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It happened on the 1st of July: the Prince of Wales robbed me of my inheritance

I am the son, not the heir…

“Shiny, shiny, shiny boots of leather,” were what entranced Lou Reed way back on the legendary first Velvet Underground album, a 50-year old record that had such an incredible, indelible impact on the fledgling David Bowie.

But what if your very own family history sparkles with something more alluring, and a lot more precious? I’ve been researching my family history, off and on, for over twenty-five years. And I’ve discovered some fascinating insights into my nomenclature background.

The origins of my surname seem to have been traced, at least in part, right back to both Saxon and Norman invaders. As I write this from my house in the south of France, Pafard is old French for ‘shield’, hence the Norman nickname for a warrior.

But who needs a shield when you have a chesty breastplate? Oh, those Romans…

Päffgen – which was fellow Velvet Undergrounder Nico‘s last name – is a Germanic forefather, as is Paffrath, which suggests Pafford is of toponymic origin; this means the name derives from the name of the place where the original bearer of the name once lived or held land.

In this instance, Paffrath is located half an hour outside the city of Köln (Cologne), in the Nord-Rhine Westphalia region of Germany. The name has two elements: Paff derives from the low German “pape”, meaning monastery, while “rath” derives from the Germanic word for the clearing of bushes. So Paffrath means, very literally, the clearing for a monastery.

Additionally, Pafford can also be extracted from the Middle High German “Pfaffe”, which itself derives from the Old High German, pfaffo or phaffo, but the meaning is essentially the same: a priest, preacher or the clergy.

Even better, one of my earliest recorded ancestors in Britain was a William de Pafford, who, in 1331, was appointed Controller Of His Majesty The King’s Silver Mines in Devon.

Damn! What an inheritance I seem to have royally missed out on. The boy king, Edward III, would have been just 18 at the time (and would soon employ as his personal Clerk of Works, my father’s profession, none other than Chaucer) – why would a mere kid possibly need all those endless bits of metal cluttering up the place?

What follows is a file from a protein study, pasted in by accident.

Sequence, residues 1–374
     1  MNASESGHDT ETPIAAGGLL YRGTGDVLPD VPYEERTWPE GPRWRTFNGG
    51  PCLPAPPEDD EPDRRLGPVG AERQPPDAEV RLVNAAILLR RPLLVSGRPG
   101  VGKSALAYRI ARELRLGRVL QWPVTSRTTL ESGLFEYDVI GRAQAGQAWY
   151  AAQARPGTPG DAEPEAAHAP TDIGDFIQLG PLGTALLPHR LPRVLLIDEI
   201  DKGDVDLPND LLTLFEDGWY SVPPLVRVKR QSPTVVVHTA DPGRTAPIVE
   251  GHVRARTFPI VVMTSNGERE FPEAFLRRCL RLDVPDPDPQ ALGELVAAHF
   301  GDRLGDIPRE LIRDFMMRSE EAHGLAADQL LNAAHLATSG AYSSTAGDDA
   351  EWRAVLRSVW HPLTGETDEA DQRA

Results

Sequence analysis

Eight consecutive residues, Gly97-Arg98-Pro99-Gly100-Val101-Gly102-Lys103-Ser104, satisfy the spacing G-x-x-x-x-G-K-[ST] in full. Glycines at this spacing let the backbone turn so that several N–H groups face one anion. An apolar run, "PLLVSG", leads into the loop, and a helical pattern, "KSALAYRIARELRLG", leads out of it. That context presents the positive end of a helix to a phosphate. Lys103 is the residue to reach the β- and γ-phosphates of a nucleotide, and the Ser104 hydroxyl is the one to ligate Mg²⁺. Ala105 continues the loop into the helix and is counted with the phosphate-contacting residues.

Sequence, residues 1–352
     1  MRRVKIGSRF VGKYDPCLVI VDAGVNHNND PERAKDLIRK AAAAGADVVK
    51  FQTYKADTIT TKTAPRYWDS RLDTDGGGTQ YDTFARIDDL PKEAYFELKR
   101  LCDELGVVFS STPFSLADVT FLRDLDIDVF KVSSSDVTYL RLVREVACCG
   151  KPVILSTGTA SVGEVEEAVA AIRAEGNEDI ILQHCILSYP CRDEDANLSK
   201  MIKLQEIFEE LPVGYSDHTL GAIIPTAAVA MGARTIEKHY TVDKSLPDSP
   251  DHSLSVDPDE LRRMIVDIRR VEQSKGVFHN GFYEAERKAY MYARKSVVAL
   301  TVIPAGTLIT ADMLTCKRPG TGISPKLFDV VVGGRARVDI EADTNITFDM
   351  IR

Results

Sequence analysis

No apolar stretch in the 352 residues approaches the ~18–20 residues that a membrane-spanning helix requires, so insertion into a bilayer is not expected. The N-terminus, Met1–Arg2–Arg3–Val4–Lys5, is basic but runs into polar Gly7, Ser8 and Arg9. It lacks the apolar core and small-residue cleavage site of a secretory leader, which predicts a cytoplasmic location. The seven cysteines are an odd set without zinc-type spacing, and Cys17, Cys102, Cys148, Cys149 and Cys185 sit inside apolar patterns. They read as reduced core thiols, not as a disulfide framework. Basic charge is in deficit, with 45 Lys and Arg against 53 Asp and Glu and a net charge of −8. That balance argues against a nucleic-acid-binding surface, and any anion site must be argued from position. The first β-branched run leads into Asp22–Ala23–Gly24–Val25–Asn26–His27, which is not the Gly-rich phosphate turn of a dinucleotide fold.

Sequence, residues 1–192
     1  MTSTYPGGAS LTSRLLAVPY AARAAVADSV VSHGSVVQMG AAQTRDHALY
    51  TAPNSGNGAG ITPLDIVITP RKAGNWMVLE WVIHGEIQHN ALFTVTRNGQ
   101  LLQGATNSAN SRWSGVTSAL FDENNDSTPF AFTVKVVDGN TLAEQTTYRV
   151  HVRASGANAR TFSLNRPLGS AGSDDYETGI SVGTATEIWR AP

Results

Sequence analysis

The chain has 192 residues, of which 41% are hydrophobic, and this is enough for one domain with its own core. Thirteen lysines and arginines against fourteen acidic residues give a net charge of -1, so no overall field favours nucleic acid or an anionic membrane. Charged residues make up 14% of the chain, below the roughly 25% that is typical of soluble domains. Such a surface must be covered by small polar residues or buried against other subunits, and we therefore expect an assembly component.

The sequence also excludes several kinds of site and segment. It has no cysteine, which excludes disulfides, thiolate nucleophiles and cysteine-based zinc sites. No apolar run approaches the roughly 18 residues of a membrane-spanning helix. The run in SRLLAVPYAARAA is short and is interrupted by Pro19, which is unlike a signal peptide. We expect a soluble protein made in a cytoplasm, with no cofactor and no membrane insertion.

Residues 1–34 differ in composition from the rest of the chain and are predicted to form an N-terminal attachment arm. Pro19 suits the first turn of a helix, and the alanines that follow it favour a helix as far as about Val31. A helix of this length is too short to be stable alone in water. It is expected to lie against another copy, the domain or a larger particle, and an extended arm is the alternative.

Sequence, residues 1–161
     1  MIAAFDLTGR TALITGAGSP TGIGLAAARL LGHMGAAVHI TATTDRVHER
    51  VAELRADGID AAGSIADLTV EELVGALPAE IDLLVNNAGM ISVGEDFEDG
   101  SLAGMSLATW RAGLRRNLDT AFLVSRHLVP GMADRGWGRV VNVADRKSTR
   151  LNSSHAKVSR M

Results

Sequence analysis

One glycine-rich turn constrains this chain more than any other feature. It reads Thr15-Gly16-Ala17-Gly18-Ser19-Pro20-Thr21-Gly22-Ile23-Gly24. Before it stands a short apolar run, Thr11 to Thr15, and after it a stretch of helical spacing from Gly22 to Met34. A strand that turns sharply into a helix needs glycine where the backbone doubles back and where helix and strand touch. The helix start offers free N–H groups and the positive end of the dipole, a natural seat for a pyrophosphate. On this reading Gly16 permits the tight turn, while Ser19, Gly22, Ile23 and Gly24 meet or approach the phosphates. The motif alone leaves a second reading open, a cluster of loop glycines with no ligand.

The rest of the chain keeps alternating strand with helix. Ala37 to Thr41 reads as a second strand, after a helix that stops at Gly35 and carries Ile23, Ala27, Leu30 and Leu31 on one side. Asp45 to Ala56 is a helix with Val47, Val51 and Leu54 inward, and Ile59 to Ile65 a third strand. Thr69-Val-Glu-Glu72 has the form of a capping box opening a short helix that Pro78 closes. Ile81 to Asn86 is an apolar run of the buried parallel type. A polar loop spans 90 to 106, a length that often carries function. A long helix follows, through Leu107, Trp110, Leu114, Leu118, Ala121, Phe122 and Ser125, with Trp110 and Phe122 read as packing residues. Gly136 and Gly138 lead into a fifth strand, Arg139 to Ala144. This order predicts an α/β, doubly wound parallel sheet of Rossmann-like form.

And it’s this obviously-too-honest-for-their-own-good-but-still-slightly-avaricious association with the monarchy, not to mention the Pafford clan appearing to own a considerable amount of local land themselves around this period, that goes some way to explaining why there have been a whole swathe of Devonian manors, villages, roads and schools bearing the name Pafford over the centuries, mainly around north Dartmoor and that self-appointed ‘queen of watering places’, Torquay. Ford = water, of course.

The owner of the former Pafford lands is now a certain HRH Prince Charles, the jug-eared perma-heir to the throne who was made Prince of Wales at an investiture at Caernarfon Castle in North Wales, 48 years ago today, on July 1, 1969, when I was a mere five days old. It also happened to be the day his future wife Lady Diana Spencer turned eight.

Putting my feet up at Caernarfon Castle a fortnight ago

I finally visited Torquay in May of 2008, even spending (enduring?) a night at the infamous Gleneagles, the very hotel that inspired John Cleese to create that top class super-construction of British classic comedies, Fawlty Towers.

And I must admit to getting something of a silly juvenile buzz from winding down the car windows to enquire of various country locals the name of the road or village, just so I could hear someone tell me what, funnily enough, I already knew: “This is Pafford Avenue,” “You’re in Combe Pafford,” “Oh, Pafford’s just over there..” and so on and so forth. If only they knew who my ancient relative was. Yeah, like they’re bovvered.

The reason I thought I’d mention Basil and co is a lot less gratuitous than you might think. The inspiration for tracing the family tree and name happened purely by accident, because back in June 1990, I’d had a bit of a letter published in TV Guide magazine, and it mentioned Fawlty Towers.